WASHINGTON — The Obama administration’s strategy today in talks with Iran is to convince both the Iranians and America’s partners at the table that it is prepared to take crippling measures if Tehran does not reverse course on its nuclear program.
Such an approach is evident in recent remarks, US officials and Iran analysts say — from President Obama’s words last week with colleagues at the United Nations Security Council to statements since then by Secretary of State Hillary Rodham Clinton and Secretary of Defense Robert Gates. Secretary Gates said on CNN Sunday that the United States has “a pretty rich list to pick from” in considering stronger steps against Tehran.
“The message to the Iranians is clearly, ‘Guys, we’ve got a lot of other things we can do if you’re not prepared to take some very reasonable steps,’ ” says Patrick Clawson, deputy director of the Washington Institute for Near East Policy.
In today’s talks, set to take place in Geneva, the United States will be represented by William Burns, undersecretary of state for political affairs. Mr. Burns also participated in the last multilateral talks with Iran on its nuclear program, in July 2008, but only as an observer.
So far on the calendar, the talks are for one day.
Among the measures the US is considering if the talks do not rapidly show promise:
- Expanding an existing freeze on some bank assets so that more Iranian banks are included.
- Lengthening the list of Iranian officials banned form international travel.
- Toughening and better enforcing existing restrictions on arms sales to Iran.
“A lot more could be done with what’s already on the books,” Mr. Clawson says.
A new measure under consideration is a ban on insuring and on “reinsuring” oil tankers that transport petroleum and petroleum products to and from Iran. The intended effect: Traders would have second thoughts about doing business with Iran.
One direction the Obama administration has yet to take is to zero in on actions designed to undercut and even topple the 30-year-old regime in Tehran. This is the approach recommended by a growing number of analysts and intellectuals on the right and the left.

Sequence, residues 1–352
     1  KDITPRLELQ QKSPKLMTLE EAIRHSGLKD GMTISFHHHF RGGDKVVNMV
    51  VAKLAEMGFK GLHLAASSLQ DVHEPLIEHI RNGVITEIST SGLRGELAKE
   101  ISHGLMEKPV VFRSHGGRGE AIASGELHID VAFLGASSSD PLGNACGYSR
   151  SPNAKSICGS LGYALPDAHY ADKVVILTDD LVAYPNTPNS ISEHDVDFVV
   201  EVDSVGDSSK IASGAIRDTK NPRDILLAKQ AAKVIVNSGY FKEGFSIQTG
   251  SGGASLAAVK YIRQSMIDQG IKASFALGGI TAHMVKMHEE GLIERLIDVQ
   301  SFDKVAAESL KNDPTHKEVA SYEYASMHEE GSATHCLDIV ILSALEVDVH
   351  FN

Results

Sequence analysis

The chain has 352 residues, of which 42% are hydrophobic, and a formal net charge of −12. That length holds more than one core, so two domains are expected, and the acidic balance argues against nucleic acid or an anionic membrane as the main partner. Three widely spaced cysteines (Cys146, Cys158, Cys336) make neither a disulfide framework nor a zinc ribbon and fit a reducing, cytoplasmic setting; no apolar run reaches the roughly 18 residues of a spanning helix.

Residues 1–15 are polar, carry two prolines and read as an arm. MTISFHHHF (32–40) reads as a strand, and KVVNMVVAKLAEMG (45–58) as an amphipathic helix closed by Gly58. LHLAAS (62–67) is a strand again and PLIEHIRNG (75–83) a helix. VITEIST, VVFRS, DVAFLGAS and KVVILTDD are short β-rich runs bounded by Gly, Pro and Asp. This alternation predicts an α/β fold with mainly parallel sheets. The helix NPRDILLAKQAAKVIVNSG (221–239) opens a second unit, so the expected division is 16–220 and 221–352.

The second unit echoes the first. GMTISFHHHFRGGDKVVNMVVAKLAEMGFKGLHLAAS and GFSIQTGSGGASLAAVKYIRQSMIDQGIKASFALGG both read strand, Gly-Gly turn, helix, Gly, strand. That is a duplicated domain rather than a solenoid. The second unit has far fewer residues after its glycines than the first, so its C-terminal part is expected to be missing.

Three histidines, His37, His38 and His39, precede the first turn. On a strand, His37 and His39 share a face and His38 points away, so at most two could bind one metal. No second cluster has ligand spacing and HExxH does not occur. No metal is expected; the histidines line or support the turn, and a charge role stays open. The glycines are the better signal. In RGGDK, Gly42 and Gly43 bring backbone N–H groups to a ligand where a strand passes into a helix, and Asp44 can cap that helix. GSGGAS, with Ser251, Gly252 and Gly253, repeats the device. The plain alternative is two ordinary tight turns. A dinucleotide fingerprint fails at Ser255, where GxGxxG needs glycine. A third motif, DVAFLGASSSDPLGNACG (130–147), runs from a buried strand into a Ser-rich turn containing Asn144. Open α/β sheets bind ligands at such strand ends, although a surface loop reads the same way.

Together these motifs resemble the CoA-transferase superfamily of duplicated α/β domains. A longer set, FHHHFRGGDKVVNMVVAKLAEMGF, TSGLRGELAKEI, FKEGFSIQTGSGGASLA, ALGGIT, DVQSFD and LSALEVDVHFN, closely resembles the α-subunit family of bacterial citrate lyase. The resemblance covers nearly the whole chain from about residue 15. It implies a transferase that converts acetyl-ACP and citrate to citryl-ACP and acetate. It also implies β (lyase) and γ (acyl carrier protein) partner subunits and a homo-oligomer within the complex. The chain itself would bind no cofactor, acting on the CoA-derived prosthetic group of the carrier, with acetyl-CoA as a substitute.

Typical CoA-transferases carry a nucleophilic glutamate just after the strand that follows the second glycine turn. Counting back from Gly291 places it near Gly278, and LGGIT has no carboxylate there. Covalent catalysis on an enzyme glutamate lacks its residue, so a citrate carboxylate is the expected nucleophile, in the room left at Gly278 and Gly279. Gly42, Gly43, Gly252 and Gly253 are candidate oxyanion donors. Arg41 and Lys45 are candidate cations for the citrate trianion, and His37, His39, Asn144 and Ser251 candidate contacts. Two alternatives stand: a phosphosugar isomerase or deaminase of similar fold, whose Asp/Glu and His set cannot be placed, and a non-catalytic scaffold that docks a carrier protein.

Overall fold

“The boys that wanted to bomb Tehran are back on regime change, and they’ve been joined by some on the left who had been plugging their ears to those words,” says Henry Sokolski, executive director of the Nonproliferation Policy Education Center in Washington.
The idea that the problem is the regime — of which the nuclear program is only a symptom — grew out of the aftermath of Iran’s June 12 presidential elections. Violent repression of Iranians protesting the officially declared reelection of President Mahmoud Ahmadinejad, as well as the subsequent persecution of political moderates, has galvanized an ideologically diverse international opposition to the regime.
“There’s been a paradigm shift, from targeting the nukes to doing something about political change,” Mr. Sokolski says.
Clawson sees the proliferation of “It’s the regime, stupid” commentaries in the US from neoconservatives and liberals alike as “a bit of catch-up with the Europeans,” whom he says “changed their thinking abruptly following the human rights abuses of the postelection period.”
But, he says, that thinking has not yet caught on in an administration that from the start promised dialogue with even the most intractable adversaries. “The president has made engagement his main focus, and that included talking to the Iranians while dismissing the notion of regime change,” Clawson says. “Then came the June 12 elections and their aftermath, and they [in the administration] are still trying to get their heads around what to do about that.”